This led Ms. Jin to champion the influencer industry. Watching creators struggle to make a living online felt personal to her, she said, as she also saw great potential in working online and creators as a business.

His claim was significant, the influencers said. “She was in this great historic business and saying these things was like, ahh, finally someone said it,” said Mr. Green, the YouTube star.

When the Coronavirus pandemic hit last year and the world was increasingly pushed online, Ms. Jin recognized an opportunity.

“I felt like Covid would be such an accelerator for working online and people wanting to be entrepreneurs,” she said. “I realized that I had the opportunity to create a whole new fund dedicated to this thesis that would be at the forefront of the changing nature of work and work on the Internet.”

In May 2020, she left Andreessen Horowitz and founded Atelier Ventures. She has since invested in creator-related start-ups such as PearPop, which allows influencers to profit from their social interactions, and Stir, which helps creators manage their finances. She is one of the few investors that big influencers know by name.

“If you talk to someone who works in the designer economy, they all say, ‘Oh, you have to talk to Li Jin,’” said a designer named Jasmine Rice, 23, a former influencer. from OnlyFans who launched a platform called Fanhouse, which Ms. Jin invested in last year.

Ms. Jin also publicly criticized the funds YouTube, Facebook, TikTok and Snapchat provide influencers to create content for their platforms. She implored the tech industry to “stop celebrating“funds, calling them”bread and circuses”, And argued that creators needed to appropriate the platforms that made them money.

“Without ownership, creators ultimately enrich and empower * someone else * – platform owners – with their work,” Ms. Jin said. tweeted in June.

Ms Jin said platforms need to be careful not to “recreate a ton of economic disparities that exist in the wider economy rather than genuinely empowering a new generation of online entrepreneurs.” She named a podcast she co-hosts “Means of Creation,” a play about Marx’s means of production.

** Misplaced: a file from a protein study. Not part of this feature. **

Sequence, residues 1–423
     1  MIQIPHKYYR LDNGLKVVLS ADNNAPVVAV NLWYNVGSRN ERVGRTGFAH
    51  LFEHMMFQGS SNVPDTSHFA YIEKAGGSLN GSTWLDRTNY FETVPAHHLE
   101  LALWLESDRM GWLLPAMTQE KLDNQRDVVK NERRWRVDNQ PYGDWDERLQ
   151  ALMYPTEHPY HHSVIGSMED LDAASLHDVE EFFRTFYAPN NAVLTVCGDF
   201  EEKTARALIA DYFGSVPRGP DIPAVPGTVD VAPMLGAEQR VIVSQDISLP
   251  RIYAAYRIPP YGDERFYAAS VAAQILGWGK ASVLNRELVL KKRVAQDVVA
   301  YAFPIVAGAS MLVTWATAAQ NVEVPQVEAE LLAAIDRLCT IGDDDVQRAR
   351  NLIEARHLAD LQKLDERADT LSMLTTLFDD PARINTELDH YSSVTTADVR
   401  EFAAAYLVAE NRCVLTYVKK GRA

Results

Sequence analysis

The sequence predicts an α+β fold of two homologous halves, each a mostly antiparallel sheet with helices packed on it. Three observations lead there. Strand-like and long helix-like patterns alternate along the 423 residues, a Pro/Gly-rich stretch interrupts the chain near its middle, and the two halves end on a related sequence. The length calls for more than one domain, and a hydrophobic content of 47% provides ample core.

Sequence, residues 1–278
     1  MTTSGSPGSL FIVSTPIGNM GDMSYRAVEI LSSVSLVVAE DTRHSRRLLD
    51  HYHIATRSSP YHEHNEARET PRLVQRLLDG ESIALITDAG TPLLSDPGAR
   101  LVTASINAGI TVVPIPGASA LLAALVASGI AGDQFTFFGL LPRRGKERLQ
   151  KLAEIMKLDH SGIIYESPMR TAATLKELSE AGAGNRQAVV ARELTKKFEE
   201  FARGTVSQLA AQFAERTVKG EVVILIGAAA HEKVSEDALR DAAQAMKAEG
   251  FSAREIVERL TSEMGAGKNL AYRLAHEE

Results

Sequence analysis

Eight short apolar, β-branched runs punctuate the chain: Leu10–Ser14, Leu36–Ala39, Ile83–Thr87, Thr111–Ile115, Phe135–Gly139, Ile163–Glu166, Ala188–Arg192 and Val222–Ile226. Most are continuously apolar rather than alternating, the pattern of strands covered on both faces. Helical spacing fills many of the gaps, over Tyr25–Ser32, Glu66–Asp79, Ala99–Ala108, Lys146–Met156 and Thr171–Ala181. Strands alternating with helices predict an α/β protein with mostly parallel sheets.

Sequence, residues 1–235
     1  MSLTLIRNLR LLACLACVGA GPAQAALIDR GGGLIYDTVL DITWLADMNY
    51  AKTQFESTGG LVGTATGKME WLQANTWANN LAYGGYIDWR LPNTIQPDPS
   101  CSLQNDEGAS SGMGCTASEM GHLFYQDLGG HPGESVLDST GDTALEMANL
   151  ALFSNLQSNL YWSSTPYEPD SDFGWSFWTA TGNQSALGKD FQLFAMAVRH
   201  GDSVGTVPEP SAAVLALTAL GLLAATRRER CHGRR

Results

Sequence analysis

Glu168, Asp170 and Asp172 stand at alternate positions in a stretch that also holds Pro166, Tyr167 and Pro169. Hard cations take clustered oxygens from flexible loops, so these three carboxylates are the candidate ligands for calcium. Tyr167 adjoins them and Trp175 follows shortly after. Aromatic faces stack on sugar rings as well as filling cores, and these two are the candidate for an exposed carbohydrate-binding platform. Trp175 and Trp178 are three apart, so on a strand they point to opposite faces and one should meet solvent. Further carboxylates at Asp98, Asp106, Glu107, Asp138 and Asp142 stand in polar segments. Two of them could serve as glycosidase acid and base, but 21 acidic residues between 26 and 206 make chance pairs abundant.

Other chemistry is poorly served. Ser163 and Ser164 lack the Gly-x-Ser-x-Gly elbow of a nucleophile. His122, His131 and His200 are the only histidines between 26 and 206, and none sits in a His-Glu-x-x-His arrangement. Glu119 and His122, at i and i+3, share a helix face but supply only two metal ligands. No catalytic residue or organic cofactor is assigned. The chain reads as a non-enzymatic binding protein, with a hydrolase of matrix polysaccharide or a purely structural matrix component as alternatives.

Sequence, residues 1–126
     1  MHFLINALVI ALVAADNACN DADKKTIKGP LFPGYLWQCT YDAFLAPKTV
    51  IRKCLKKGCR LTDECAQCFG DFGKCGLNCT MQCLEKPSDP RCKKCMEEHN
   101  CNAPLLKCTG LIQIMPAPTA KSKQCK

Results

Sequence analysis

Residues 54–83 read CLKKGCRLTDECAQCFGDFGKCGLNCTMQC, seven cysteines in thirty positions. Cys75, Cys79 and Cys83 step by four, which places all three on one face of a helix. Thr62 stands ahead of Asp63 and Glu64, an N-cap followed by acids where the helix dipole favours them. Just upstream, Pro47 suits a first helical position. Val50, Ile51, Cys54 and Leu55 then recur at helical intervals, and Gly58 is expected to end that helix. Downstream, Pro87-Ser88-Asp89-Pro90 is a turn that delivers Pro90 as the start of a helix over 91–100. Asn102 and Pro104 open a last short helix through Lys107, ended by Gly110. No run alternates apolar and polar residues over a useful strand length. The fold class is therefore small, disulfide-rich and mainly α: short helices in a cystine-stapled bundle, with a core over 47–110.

Her views have made her a subject of fascination in the tech industry and in leftist political spaces. The responses to his social media posts are full of memes insinuating that she is a socialist. Ms. Jin said she was mostly amused by the hubbub.

“I am very careful not to use that word, the S word,” she said of socialism. “It’s unnecessarily polarizing in the United States”

Ms. Jin said she has also become adept at crypto networks, as they are decentralized and “aim to cede control and ownership to their users.” It has started investing in crypto-related platforms, recently supporting Mirror, a decentralized publishing platform, and Yield Guild Games, which is building a gaming guild for the “metaverse”To help people in developing countries earn money by playing video games. She has also partnered with designers to create and sell works of art like TVN, or non-fungible tokens.

“There has been a shuddering awareness throughout my life,” she said, “that the world is unjust and we must push it in the direction of justice and fairness.”

Since setting up Atelier Ventures, Ms. Jin has moved away from Silicon Valley and managed her fund from her childhood bedroom in Pittsburgh. This summer, she was nomadic, traveling the world surrounded by a changing cast of internet stars, artists, Gen Z tech founders and crypto pioneers.

In July, she co-hosted a New York rooftop happy hour attended by a prominent internet culture scholar and techies, including the founders of the NFT OpenSea platform, the product managers of TikTok. and Twitter and other investors. From New York, she flew to Paris for a crypto conference and hosted a “designer fair” at a cafe on the Left Bank.

She then flew to Greece at the invitation of Daniel Ek, the managing director of Spotify, and then attended a beach dinner with Emma Watson, Nicky Hilton and others, hosted by the Foundation of Shining Minds.

Last month, she returned home to Pittsburgh to regroup and reflect.

“It’s so unlikely that I’m here,” Ms. Jin said, “that I was born in Beijing speaking Chinese as my first and only language and something happened to me in the United States and now I have the tools to be able to have a voice and influence.

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Newsrust - US Top News: She is the investor guru for online creators
She is the investor guru for online creators
Newsrust - US Top News